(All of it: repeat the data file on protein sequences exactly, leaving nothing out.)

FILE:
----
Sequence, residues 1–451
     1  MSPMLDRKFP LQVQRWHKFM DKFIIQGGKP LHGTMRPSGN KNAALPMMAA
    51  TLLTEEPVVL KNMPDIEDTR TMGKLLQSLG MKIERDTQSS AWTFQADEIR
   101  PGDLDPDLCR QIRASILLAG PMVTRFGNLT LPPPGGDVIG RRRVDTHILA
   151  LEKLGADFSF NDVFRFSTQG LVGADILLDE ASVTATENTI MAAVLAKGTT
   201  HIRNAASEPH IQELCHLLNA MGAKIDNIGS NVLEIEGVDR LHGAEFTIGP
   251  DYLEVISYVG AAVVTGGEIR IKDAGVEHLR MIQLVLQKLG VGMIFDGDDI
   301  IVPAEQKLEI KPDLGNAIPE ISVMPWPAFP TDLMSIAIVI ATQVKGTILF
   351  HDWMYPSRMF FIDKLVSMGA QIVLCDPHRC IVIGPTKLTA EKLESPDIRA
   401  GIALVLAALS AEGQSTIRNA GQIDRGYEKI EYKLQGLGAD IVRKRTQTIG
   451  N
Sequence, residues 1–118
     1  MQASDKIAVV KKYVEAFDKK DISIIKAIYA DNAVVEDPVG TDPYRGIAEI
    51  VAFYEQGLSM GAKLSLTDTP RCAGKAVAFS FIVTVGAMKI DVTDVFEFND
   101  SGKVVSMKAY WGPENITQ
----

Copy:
Sequence, residues 1–451
     1  MSPMLDRKFP LQVQRWHKFM DKFIIQGGKP LHGTMRPSGN KNAALPMMAA
    51  TLLTEEPVVL KNMPDIEDTR TMGKLLQSLG MKIERDTQSS AWTFQADEIR
   101  PGDLDPDLCR QIRASILLAG PMVTRFGNLT LPPPGGDVIG RRRVDTHILA
   151  LEKLGADFSF NDVFRFSTQG LVGADILLDE ASVTATENTI MAAVLAKGTT
   201  HIRNAASEPH IQELCHLLNA MGAKIDNIGS NVLEIEGVDR LHGAEFTIGP
   251  DYLEVISYVG AAVVTGGEIR IKDAGVEHLR MIQLVLQKLG VGMIFDGDDI
   301  IVPAEQKLEI KPDLGNAIPE ISVMPWPAFP TDLMSIAIVI ATQVKGTILF
   351  HDWMYPSRMF FIDKLVSMGA QIVLCDPHRC IVIGPTKLTA EKLESPDIRA
   401  GIALVLAALS AEGQSTIRNA GQIDRGYEKI EYKLQGLGAD IVRKRTQTIG
   451  N
Sequence, residues 1–118
     1  MQASDKIAVV KKYVEAFDKK DISIIKAIYA DNAVVEDPVG TDPYRGIAEI
    51  VAFYEQGLSM GAKLSLTDTP RCAGKAVAFS FIVTVGAMKI DVTDVFEFND
   101  SGKVVSMKAY WGPENITQ